I recently signed up for a trial of Kindle Unlimited (KU), the on-demand service from Amazon where you can borrow books, read them and the author gets paid based on the number of pages that you finish. It was a 30-day trial and there was a book I wanted to read that was available on there so I figured–what the hell? and decided to give it a try.
But after I finished reading the book I originally signed up for, it was almost impossible to find anything else that I wanted to read. All of the books I was interested in weren’t available on there.
And it kinda annoyed me.
Not just because I wasn’t able to find stuff I wanted to read (after all, what’s the point of paying for KU if nothing’s available on it?). But also because it bugs me that so many authors don’t see the value in it.
All of my books are available on KU (except one because I accidentally put it on Kobo years ago and you can’t use KU if you sell your book elsewhere). And the reason is because I care far more about my message and getting my stories and ideas out into the world than I do about making money.
That’s right. I said it.
I’m an author who honestly doesn’t give a fuck about making money from my books.
Now, will I take money from my books? Of course. I would be totally dumb not to.
But is money the reason I write my books?
Actually, make that HELL NO.
I write my books because I can’t not. Because if I didn’t, I’d be killing my soul.
Writing my books and releasing them out into the world is a part of how I fuel my soul and my purpose on this planet. I can’t not write books.
But if I never made another cent from them, I wouldn’t care.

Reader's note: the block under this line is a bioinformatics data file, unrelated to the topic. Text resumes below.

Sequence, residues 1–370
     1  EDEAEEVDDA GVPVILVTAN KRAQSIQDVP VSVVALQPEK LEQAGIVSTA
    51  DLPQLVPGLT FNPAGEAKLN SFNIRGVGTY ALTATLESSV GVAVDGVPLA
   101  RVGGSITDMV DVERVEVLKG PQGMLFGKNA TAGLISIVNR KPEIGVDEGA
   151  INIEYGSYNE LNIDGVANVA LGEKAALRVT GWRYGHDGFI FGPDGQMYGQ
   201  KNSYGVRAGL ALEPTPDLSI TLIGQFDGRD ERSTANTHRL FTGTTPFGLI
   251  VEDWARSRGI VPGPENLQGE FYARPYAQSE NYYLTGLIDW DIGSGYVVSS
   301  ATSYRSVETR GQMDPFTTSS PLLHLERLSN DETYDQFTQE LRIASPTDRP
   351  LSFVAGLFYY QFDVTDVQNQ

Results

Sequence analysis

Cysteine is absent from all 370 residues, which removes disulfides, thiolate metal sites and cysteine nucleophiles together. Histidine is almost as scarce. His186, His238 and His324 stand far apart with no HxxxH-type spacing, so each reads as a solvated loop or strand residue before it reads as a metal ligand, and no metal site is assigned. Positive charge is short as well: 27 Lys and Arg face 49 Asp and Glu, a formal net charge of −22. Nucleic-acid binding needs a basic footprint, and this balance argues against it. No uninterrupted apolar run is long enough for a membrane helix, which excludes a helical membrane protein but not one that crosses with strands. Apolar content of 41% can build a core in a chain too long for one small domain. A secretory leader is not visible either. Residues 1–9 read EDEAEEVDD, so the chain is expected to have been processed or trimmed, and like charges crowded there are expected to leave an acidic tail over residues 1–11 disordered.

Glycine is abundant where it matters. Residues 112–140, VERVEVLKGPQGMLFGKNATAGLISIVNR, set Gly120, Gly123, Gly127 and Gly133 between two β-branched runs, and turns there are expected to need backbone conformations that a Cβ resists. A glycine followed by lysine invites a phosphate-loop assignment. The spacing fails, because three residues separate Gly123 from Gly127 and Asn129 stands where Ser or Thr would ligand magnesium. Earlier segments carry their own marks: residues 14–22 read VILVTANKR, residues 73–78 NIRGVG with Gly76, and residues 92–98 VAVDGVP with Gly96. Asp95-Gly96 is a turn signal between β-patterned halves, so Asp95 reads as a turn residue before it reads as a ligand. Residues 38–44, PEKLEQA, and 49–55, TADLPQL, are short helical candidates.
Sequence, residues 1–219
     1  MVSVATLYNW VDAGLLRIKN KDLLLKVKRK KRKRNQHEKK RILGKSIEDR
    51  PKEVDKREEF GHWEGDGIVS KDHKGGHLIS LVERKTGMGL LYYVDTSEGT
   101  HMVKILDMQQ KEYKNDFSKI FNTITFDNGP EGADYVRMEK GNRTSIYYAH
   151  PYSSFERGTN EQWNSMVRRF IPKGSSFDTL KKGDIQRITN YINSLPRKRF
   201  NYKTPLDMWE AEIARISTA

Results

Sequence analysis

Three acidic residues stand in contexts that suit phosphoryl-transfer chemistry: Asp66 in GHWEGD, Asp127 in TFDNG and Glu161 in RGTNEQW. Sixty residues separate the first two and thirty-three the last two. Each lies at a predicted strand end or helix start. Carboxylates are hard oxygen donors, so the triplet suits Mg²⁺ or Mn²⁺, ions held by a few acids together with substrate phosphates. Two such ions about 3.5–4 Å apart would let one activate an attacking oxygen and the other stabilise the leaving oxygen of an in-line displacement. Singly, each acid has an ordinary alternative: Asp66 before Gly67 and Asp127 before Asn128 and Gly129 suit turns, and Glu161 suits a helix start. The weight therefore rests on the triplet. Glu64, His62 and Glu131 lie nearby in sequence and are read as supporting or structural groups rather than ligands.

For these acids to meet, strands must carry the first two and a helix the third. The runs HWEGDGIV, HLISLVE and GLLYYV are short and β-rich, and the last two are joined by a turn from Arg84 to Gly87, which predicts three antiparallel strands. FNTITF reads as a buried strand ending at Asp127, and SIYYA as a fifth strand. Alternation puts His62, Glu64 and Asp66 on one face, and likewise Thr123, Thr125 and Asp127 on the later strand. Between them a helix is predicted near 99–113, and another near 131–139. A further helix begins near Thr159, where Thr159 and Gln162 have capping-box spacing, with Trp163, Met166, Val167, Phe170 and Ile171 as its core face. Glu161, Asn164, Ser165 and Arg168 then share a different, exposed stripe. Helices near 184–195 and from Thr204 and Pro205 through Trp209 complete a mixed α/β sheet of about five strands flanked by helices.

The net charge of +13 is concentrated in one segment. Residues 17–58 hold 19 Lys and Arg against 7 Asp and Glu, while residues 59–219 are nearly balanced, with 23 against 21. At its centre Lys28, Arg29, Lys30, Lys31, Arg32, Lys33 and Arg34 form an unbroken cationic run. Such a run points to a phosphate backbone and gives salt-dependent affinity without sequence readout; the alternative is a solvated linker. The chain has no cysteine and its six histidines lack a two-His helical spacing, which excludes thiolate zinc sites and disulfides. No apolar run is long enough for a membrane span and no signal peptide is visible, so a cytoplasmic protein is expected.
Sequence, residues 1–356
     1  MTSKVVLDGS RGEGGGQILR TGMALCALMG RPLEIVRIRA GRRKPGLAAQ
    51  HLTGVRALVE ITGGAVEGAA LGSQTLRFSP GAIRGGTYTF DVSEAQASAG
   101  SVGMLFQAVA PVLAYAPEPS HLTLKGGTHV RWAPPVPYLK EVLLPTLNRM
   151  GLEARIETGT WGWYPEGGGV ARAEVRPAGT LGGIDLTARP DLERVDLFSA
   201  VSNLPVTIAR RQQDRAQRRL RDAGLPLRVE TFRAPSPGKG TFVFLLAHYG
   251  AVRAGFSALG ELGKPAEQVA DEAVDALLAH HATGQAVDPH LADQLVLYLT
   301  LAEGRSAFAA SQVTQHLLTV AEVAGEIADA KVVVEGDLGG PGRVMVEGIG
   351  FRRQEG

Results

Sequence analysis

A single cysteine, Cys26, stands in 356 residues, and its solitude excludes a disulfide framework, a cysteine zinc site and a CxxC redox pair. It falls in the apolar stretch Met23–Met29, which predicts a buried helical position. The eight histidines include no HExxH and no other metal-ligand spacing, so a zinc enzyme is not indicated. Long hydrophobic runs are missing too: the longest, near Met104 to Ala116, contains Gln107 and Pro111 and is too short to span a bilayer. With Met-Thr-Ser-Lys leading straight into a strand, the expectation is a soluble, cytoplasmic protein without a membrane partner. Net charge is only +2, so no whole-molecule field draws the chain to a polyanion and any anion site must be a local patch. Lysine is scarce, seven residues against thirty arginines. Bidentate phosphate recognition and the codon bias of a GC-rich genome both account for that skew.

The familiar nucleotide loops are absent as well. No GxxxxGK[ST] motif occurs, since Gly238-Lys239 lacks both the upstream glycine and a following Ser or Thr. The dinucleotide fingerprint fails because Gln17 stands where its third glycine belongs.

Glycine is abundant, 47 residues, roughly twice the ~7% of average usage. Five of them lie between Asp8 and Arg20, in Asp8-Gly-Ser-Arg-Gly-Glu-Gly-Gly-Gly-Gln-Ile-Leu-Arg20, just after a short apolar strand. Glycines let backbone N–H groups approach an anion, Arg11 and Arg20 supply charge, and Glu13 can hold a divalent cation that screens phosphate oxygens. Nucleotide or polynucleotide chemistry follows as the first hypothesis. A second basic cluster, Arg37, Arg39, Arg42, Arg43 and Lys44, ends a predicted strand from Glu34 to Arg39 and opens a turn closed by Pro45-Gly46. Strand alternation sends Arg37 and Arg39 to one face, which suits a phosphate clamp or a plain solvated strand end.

Writing books is art. It’s soulwork. It’s making an impact on the world.
It’s NOT about making money.
Yet so many authors focus on the money. And that’s why they don’t put their books on KU. Because they won’t get paid as much as they would if someone buys the book.
I just think that’s selfish AF.
Authors should care more about their stories and their messages and getting their books out to the readers who need them.
Art first. Money second.
Again, I’m not at all against making money from your books. You should make money from your books.
But money ain’t the most important thing.
And when books aren’t available on KU–especially self-published ones–it sends the message that money matters more than art. That readers should have to buy your book to experience the transformation and the story. Or else miss out.
Well, I call bullshit on that.
I actually make plenty of money from KU because I get hundreds (and often thousands) of page reads every month. And I so enjoy all of the people who are getting to experience my books and have their lives changed by my stories and information.
I believe that authors should diversify. That they shouldn’t just focus solely on making money from their books.
And I stand by that.
Books and the stories and information in them should be available to any reader who wants to read them, regardless of if they buy it or borrow it on KU.
Authors never complain about the people who borrow their books from the library. And they don’t get paid a penny for that.
Yet so many refuse to put their books on KU.
Being on KU is actually better than no one buying your book. It’s better than the library. And the payout is better than music streaming where musicians get a fraction of a penny when people listen to their music via a streaming service.
I’m all about authors doing what’s best for them. But I also believe authors need to really think about what they got into this business for.
Was it just to make money? Or do you actually care about your readers?
I care about my readers. I want them to indulge in my books in whatever way makes the most sense for them, whether that’s by purchasing their own copy, borrowing it from the library (yes, my novel is stocked at several libraries) or renting it from KU.
At the end of the day, I’d write my books for free anyhow, because I can’t not. That’s just who I am.
My writing is my soulwork. And unleashing it on the world is a must. Regardless of if anyone reads it or not.
If you’re an author who refuses to have your books on KU or hasn’t yet looked into yet, I highly recommend you consider it. I highly recommend you tune back into your “why” and figure out what you really care about… your message, your impact, your stories… or the money.
Dream life or bust,